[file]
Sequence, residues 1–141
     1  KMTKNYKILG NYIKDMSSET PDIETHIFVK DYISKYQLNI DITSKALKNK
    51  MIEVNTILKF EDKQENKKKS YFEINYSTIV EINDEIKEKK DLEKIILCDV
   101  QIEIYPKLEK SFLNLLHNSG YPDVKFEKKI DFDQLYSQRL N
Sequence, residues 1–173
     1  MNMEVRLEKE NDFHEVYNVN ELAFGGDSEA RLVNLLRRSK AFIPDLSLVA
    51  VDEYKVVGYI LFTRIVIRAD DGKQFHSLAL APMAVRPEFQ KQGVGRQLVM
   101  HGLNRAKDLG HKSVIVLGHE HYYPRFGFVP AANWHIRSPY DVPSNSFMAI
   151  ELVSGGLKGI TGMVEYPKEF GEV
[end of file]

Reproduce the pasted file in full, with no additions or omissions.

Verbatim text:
Sequence, residues 1–141
     1  KMTKNYKILG NYIKDMSSET PDIETHIFVK DYISKYQLNI DITSKALKNK
    51  MIEVNTILKF EDKQENKKKS YFEINYSTIV EINDEIKEKK DLEKIILCDV
   101  QIEIYPKLEK SFLNLLHNSG YPDVKFEKKI DFDQLYSQRL N
Sequence, residues 1–173
     1  MNMEVRLEKE NDFHEVYNVN ELAFGGDSEA RLVNLLRRSK AFIPDLSLVA
    51  VDEYKVVGYI LFTRIVIRAD DGKQFHSLAL APMAVRPEFQ KQGVGRQLVM
   101  HGLNRAKDLG HKSVIVLGHE HYYPRFGFVP AANWHIRSPY DVPSNSFMAI
   151  ELVSGGLKGI TGMVEYPKEF GEV